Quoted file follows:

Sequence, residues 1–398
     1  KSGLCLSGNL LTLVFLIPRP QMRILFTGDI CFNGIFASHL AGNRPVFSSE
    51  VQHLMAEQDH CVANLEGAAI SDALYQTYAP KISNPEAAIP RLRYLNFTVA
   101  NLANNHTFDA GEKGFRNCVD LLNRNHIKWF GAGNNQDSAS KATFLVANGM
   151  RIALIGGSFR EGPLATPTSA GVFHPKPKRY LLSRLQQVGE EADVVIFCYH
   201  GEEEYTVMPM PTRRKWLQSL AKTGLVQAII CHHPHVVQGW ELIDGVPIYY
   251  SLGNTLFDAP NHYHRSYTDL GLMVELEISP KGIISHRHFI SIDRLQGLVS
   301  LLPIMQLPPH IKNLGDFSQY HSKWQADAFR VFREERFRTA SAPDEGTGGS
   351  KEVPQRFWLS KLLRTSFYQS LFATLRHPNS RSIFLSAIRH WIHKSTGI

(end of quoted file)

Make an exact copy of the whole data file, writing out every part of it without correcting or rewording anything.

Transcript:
Sequence, residues 1–398
     1  KSGLCLSGNL LTLVFLIPRP QMRILFTGDI CFNGIFASHL AGNRPVFSSE
    51  VQHLMAEQDH CVANLEGAAI SDALYQTYAP KISNPEAAIP RLRYLNFTVA
   101  NLANNHTFDA GEKGFRNCVD LLNRNHIKWF GAGNNQDSAS KATFLVANGM
   151  RIALIGGSFR EGPLATPTSA GVFHPKPKRY LLSRLQQVGE EADVVIFCYH
   201  GEEEYTVMPM PTRRKWLQSL AKTGLVQAII CHHPHVVQGW ELIDGVPIYY
   251  SLGNTLFDAP NHYHRSYTDL GLMVELEISP KGIISHRHFI SIDRLQGLVS
   301  LLPIMQLPPH IKNLGDFSQY HSKWQADAFR VFREERFRTA SAPDEGTGGS
   351  KEVPQRFWLS KLLRTSFYQS LFATLRHPNS RSIFLSAIRH WIHKSTGI